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Why NASCAR took a strong stance on Hendrick, Hamlin actions
NASCAR Cup Series

Why NASCAR took a strong stance on Hendrick, Hamlin actions

Updated Mar. 16, 2023 8:10 p.m. ET

NASCAR doesn’t always penalize teams after it confiscates pieces at the racetrack.

Last year, when Penske and RFK had their wheels taken, the teams argued they made modifications for safety reasons that they felt were permissible. NASCAR eventually agreed, or at least saw enough of a reasoning that it didn’t penalize the teams as those changes were soon going to be legal.

So maybe that gave Hendrick Motorsports teams and fans a little false hope that there could be some wiggle room after NASCAR confiscated their louvers following practice Friday at Phoenix.


Louvers are supplied to each team through a supplier. They are different for each manufacturer, but the purpose is the same — they sit atop the radiator exit ducts to direct air out of the hood vents. They look like shutters but all of the panels are connected to one frame.

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Teams have had issues with the louvers fitting with the new hoods and had been talking with NASCAR about what could be tweaked to make sure they fit.

But even with these discussions, with Hendrick having won the previous week — and then winning again Sunday at Phoenix — NASCAR would have lost a lot of credibility in the garage if it didn’t penalize Hendrick if it felt the louvers were modified.

That’s one reason why NASCAR hammered the Hendrick teams, as well as that of Kaulig Racing’s Justin Haley for the same issue, with four-race suspensions to the crew chiefs, a $100,000 fine to each crew chief (typically paid by the teams) and 100-point penalties to the drivers and teams.

There are other reasons — it seems NASCAR officials were angry with Hendrick over the weekend. NASCAR executives had promised harsh penalties for messing with parts supplied by single-sourced vendors. The whole concept of this car is to reduce costs by not having teams develop and create pieces — they all get them from the same supplier.

NASCAR rarely talks after issuing penalties, and the fact it put Senior Vice President of Competition Elton Sawyer on a Zoom call Wednesday afternoon with media showed it wanted to give at least some side of its story because it likely didn’t want Hendrick to control the narrative.

Discussing Hendrick car modifiers

NASCAR Senior Vice President of Competition Elton Sawyer said it was obvious that Hendrick cars had louvers modified in areas that weren’t approved.

Sawyer wouldn’t be specific to the area that was modified.

"The area they weren't supposed to work in is the best I can tell you," Sawyer said about the area that was modified. "There's areas that have been approved. And we've worked with the teams on the parts on their fitment and things of that nature.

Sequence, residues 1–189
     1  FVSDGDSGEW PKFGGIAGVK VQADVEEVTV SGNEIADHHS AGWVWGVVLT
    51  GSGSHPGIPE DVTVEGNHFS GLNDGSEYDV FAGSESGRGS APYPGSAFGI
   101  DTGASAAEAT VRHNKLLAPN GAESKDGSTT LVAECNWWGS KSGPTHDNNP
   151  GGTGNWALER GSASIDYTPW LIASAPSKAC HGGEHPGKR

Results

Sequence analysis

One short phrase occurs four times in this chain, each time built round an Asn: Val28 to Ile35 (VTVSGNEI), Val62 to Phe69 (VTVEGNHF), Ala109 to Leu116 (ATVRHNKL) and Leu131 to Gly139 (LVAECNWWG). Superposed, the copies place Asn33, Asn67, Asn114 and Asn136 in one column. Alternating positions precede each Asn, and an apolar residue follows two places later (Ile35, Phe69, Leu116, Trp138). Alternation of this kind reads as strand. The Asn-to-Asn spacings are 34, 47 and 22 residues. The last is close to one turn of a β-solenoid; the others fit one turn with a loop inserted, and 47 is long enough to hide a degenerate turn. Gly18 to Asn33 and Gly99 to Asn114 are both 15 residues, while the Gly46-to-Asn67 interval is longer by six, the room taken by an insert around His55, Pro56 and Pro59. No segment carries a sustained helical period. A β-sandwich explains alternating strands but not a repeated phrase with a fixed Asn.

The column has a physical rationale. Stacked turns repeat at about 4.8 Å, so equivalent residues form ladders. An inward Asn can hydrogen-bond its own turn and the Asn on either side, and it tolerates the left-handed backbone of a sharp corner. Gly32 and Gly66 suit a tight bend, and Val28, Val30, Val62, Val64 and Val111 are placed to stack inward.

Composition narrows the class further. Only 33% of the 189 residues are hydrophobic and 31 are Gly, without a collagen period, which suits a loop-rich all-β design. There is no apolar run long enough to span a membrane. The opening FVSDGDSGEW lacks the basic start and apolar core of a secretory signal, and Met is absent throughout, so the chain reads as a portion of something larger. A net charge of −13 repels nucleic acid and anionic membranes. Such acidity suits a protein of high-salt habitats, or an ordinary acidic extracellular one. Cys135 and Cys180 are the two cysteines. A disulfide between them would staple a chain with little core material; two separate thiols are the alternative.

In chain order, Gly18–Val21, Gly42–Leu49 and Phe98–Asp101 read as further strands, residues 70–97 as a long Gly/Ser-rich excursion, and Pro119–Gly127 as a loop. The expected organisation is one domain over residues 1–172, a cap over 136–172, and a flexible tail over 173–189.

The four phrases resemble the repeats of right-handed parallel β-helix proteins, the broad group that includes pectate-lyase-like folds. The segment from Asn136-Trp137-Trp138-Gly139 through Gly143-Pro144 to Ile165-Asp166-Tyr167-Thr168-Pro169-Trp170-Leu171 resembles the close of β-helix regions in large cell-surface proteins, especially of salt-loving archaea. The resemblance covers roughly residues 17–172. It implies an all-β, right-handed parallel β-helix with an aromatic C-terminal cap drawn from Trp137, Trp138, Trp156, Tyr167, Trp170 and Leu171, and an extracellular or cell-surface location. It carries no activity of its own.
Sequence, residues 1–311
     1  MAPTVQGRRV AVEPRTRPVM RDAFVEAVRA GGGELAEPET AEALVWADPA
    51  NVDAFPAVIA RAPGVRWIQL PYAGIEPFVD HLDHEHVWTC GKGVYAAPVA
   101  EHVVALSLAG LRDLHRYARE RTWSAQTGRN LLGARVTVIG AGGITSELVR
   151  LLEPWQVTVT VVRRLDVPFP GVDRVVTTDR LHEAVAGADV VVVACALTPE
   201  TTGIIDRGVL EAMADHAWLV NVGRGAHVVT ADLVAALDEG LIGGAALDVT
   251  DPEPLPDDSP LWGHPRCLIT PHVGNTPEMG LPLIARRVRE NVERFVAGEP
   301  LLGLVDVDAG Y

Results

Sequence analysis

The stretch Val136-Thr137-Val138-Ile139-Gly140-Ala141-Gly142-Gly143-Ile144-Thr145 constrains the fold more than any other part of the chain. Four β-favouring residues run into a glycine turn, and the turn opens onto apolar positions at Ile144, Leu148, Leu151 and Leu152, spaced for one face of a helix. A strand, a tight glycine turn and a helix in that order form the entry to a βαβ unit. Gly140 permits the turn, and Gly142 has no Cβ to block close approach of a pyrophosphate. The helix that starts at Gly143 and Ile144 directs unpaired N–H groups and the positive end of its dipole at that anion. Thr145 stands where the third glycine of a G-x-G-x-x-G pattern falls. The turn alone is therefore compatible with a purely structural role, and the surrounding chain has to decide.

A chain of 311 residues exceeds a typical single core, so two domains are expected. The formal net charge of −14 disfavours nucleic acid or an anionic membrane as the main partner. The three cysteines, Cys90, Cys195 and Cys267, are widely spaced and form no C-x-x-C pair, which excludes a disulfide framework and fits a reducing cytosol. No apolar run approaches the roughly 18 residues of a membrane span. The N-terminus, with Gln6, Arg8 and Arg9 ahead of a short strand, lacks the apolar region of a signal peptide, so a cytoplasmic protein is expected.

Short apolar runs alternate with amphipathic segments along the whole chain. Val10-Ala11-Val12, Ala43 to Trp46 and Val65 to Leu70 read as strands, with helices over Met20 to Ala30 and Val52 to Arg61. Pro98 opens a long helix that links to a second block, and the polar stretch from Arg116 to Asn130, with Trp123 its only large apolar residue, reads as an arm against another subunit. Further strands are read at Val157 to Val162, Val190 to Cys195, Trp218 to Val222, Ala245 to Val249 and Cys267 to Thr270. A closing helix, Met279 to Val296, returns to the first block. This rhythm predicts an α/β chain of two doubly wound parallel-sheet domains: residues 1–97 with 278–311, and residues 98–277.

"This one rose to a level that was way beyond that."

Here's the narrative of select quotes from the Sawyer Zoom:

–"It was obvious to us that these parts had been modified in an area that wasn't approved. This is a consistent penalty with what we went through last year with other competitors. ... We were put in a position that we didn’t feel like there was no other way but to write a penalty."

–"There is components we have approved working directly with the industry and the garage and a process to do that. This area was not approved. We felt like the communication line between NASCAR and the garage was done properly. And obviously, they were outside the boundaries."

–"We don't normally get into the intent. But I think it's fair to say that there could be [aerodynamic] performance around these modifications. Let’s also give credit where credit's due — they went out and still had an outstanding race on Sunday and performed at a high level without those modifications."

And here’s the narrative from a statement from Hendrick Motorsports, which is appealing the penalty:

–"Louvers provided to teams through NASCAR’s mandated single-source supplier do not match the design submitted by the manufacturer and approved by NASCAR."

–"Documented inconsistent and unclear communication by the sanctioning body specifically related to louvers."

–"Recent comparable penalties issued by NASCAR have been related to issues discovered during a post-race inspection."

Who’s right? Who’s wrong? That’s for an appeals board to decide. NASCAR’s appeals administrator chooses three people from a list of appeals panelists to hear the appeal.

The appeals board did change some penalties last year (which typically is a rare occurrence) as it tried to be fair and set some parameters for NASCAR’s new Next Gen car. No appeal date has been set.

The Hendrick penalties weren’t the only controversial ones issued Wednesday.

Denny Hamlin received a 25-point penalty (his team was not penalized in the owner points) and a $50,000 fine for wrecking Ross Chastain in the final laps. It cost them about 15-16 spots apiece.

NASCAR docked Hamlin under the rules of:

"Attempting to manipulate the outcome of the Race or championship" and "Wrecking or spinning another vehicle, whether or not that vehicle is removed from Competition as a result."

Hamlin-Chastain feud

Denny Hamlin and Ross Chastain make contact on the final Phoenix restart. Here's a closer look at what happened.

Hamlin and Chastain have had a yearlong feud. At the time, Hamlin knew his car was not handling well and as it slid on the track, Hamlin made a decision:

"I’m about to finish in the mid-teens and I said, ‘You’re coming with me, buddy,’" Hamlin said on his "Actions Detrimental" podcast Monday. "It wasn’t a mistake. I let the wheel go and I said, ‘He’s coming with me.’"